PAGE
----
Death and tax hikes | NevadaAppeal.com

Death and tax hikes

We don’t think ever-increasing taxes are inevitable so we’ve proposed an alternative budget that doesn’t raise taxes:

Nevada can do better and it doesn’t need to raise taxes to do it.

Death and tax increases

“In this world nothing can be said to be certain, except death and taxes.” — Benjamin Franklin

Had Benjamin Franklin been living in 21st Century Nevada, his famous quote might have read something like this: In Nevada, nothing seems certain, except death and tax increases.

It appears that — regardless of who is elected, which party holds the majority, or how hard those in power have previously spoken out against tax hikes — demanding more money from people is the go-to solution for government’s and society’s problems.

Such is the case this year in Carson City, where Gov. Brian Sandoval is trying to sell legislators on the largest tax hike in Nevada history just months after speaking out against the margin tax that voters overwhelmingly rejected in November.

Sandoval’s proposed budget would increase spending by $1.8 billion above current levels and raise taxes by $1.3 billion on the workers and employers of Nevada.

Despite having spent the better part of last year campaigning against the gross-receipts-based margin tax that voters overwhelmingly rejected in November, Gov. Sandoval is now trying to sell legislators on the largest tax hike in Nevada history — in the form of gross-receipts-based “license fee” taxes.

Declining to accept ever-increasing taxes as inevitable, the Nevada Policy Research Institute has presented a detailed alternative state budget — one that increases spending without raising taxes.

Named the Freedom Budget, the Institute’s alternative provides line-by-line recommendations for each of Nevada’s 441 budget accounts for 2016 and 2017. By funding departments at levels the departments themselves requested, not more, by increasing spending more slowly than the governor has proposed, and by eliminating ineffective and unconstitutional programs, Nevada can avoid the higher taxes that would hurt working families and struggling businesses.

Ironically, the plan is based on Gov. Sandoval’s 2011 recommendations, which were made at a time when he was against raising taxes. It proposes $6.4 billion in general fund spending — about $1 billion less than the governor’s budget recommends — and total spending of $22.2 billion, or $1.3 billion less than the governor’s budget.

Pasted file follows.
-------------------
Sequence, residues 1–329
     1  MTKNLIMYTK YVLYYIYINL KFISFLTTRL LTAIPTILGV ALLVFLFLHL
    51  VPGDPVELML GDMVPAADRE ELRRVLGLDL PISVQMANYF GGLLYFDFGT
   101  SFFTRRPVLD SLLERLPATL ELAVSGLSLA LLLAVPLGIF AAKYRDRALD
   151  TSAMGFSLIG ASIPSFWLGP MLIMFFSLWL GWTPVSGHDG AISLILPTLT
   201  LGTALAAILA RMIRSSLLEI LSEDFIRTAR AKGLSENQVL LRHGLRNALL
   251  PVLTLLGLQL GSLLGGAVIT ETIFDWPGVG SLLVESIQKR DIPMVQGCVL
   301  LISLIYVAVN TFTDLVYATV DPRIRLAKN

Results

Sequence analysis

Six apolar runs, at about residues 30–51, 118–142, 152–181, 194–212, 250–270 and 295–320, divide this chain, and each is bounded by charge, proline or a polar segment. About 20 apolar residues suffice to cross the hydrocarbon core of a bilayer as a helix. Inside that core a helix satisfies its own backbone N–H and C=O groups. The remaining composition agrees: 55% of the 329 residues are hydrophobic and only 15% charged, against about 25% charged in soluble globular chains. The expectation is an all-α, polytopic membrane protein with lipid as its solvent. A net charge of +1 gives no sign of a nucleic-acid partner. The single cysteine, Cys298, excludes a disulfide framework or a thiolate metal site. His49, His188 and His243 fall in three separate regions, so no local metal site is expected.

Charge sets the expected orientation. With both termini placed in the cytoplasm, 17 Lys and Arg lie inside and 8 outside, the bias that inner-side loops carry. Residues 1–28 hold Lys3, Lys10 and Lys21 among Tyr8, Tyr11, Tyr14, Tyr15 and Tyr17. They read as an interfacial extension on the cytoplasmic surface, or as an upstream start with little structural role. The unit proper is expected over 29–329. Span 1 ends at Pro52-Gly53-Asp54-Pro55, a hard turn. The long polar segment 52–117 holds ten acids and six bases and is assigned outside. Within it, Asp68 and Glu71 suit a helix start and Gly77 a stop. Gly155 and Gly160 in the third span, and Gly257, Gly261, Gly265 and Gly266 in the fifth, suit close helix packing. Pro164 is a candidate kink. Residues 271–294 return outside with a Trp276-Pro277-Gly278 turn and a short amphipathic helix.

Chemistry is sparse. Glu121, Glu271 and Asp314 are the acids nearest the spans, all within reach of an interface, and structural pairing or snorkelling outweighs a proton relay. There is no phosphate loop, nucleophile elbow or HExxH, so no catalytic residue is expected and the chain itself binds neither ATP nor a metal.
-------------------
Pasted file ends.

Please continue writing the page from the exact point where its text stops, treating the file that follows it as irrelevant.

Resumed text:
In addition to not raising new taxes, the Freedom Budget would also allow taxes that lawmakers and the governor promised were temporary to finally sunset.

The budget is driven by the idea that Nevada should increase spending, but at a slower rate than Gov. Sandoval currently proposes; use policy changes to make government more efficient; fund agency request amounts; and be limited to its core and Constitutional functions.

And, it uses the budget-drafting approach Gov. Sandoval himself used in 2011 when he was holding to what he’d called one of his “steady convictions” — that “raising taxes is not the answer.”

Another major difference between the Sandoval and NPRI proposed budgets is that the latter funds departments at the levels their respective leaders have requested — not more. It seems counterintuitive to offer state agencies more money than they’ve stated they need, then turn to taxpayers and tell them more money is needed to keep government running. But that’s exactly what is happening with the governor’s budget.

In fact, by simply funding agencies at their requested levels, the state can save taxpayers $38.4 million in general funds and $10.5 million in non-general funds over the next two years.

The Freedom Budget also aims to make government spending more accountable by allocating $10 million per year for performance audits, which would be overseen by the Controller’s Office. By making government spending and results available to the people, agencies will be forced to reduce waste and improve service.

Some joke that the only difference between death and taxes is that taxes get worse each time the Legislature meets. While that is often true, it doesn’t have to be the case this year in Nevada.

As the Freedom Budget makes clear, Nevada can do better and it doesn’t need to raise taxes to do it.

Chantal Lovell joined the Nevada Policy Research Institute in January 2014 to serve as its deputy communications director. She oversees the Institute’s publications, coordinates staff media appearances and manages NPRI’s new media efforts.